Many consumers are concerned about losing health insurance for themselves and their family in the event of layoffs or job losses resulting from the Coronavirus (COVID-19). Depending on the size of the employer and whether the employer remains in business with an active group policy, there are several options available. Unfortunately, an unprecedented number of people have been laid off or have lost their job completely during the coronavirus outbreak. Now these individuals and families are faced with having to make quick decisions to remain insured during this emergency either through keeping their job-based health insurance coverage through COBRA or looking for alternative coverage.
This process can be confusing, stressful, and expensive. Now is not the time to be uninsured. Consumers should seek the advice of a local insurance professional who can help them evaluate the best options for their family.
Some will save money by moving to a subsidized health plan through the Affordable Care Act Marketplace or a Medicare or Medicaid health plan, but these decisions must be made within 60 days of health insurance coverage loss. Individuals should first look to get enrolled in the health plan of a spouse or parent. The ACA allows people who’ve lost coverage to enroll in their spouse’s plan or, if they’re younger than 26, their parents’ plan.
For assistance in navigating options, contact a local insurance professional or check the SC Departmet of Insurance (SC DOI) website for partners, such as Palmetto Project, and other available resources.
COBRA (20 or more employees)
If an individual had insurance coverage through their employer and the employer has 20 or more employees and is still in business with an active group policy, they are entitled to continuation coverage by the federal Consolidated Omnibus Budget Reconciliation Act (COBRA).
Under COBRA an individual may continue health care coverage for up to 18 months. This is an expensive option as they are required to pay the full premium, even if their employer paid part of their premium while employed. Consumers should reach out to their employer’s Human Resources Department for enrollment information.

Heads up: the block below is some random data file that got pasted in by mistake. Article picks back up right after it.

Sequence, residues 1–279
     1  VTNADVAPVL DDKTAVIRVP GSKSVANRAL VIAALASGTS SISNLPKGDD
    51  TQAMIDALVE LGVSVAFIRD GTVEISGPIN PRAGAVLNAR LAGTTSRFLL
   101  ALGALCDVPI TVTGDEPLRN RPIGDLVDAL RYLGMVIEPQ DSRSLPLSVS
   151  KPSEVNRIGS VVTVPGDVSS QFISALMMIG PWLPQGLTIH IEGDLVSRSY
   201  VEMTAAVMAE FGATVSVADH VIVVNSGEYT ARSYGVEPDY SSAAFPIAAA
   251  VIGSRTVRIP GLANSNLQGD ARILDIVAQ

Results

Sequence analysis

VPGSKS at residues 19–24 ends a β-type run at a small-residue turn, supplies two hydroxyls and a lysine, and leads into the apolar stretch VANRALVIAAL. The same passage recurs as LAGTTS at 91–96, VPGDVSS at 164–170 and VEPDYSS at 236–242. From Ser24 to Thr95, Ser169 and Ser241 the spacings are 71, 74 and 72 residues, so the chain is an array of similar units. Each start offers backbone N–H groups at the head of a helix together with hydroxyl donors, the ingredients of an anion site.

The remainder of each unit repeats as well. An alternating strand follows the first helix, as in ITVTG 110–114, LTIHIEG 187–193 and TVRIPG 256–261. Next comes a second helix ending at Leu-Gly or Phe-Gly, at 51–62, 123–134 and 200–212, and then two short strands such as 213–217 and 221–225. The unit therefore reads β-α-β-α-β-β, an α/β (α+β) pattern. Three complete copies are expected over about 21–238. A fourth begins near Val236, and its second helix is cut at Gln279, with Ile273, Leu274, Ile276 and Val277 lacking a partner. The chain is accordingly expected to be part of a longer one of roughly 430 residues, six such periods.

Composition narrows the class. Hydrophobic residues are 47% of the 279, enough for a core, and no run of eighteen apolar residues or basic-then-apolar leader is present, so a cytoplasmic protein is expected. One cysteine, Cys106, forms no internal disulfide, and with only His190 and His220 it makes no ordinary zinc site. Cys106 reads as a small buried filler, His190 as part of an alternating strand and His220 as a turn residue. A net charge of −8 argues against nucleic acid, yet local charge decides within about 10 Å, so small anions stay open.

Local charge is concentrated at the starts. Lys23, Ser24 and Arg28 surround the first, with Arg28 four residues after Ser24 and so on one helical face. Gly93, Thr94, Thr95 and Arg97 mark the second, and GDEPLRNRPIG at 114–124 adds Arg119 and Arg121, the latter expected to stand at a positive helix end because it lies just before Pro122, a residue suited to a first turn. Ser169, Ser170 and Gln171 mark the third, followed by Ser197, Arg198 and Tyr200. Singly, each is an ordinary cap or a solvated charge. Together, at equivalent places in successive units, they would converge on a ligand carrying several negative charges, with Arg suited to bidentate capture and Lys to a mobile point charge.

State Continuation (less than 20 employees)
If an employer had less than 20 employees and is still in business with an active group policy, our state has a mandatory continuation of coverage privilege. The law provides that an employee or member who has been insured under the group policy for at least six months and who loses coverage for any reason (other than non-payment of premium) may continue coverage for the portion of the policy month remaining plus six months. View the SC state continuation brochure for more information.
The Federal Marketplace (https://www.healthcare.gov/coronavirus/)
Marketplace plans are subsidized for people who earn less than four times the poverty level, which is around $50,000 a year for a single person and around $105,000 for a family of four. A consumer will have 60 days of eligibility for enrollment in the Federal Marketplace. Consumers should reach out to the Marketplace at 1-800-318-2596 or visit healthcare.gov for details on available coverage and pricing or one of the local professionals provided above.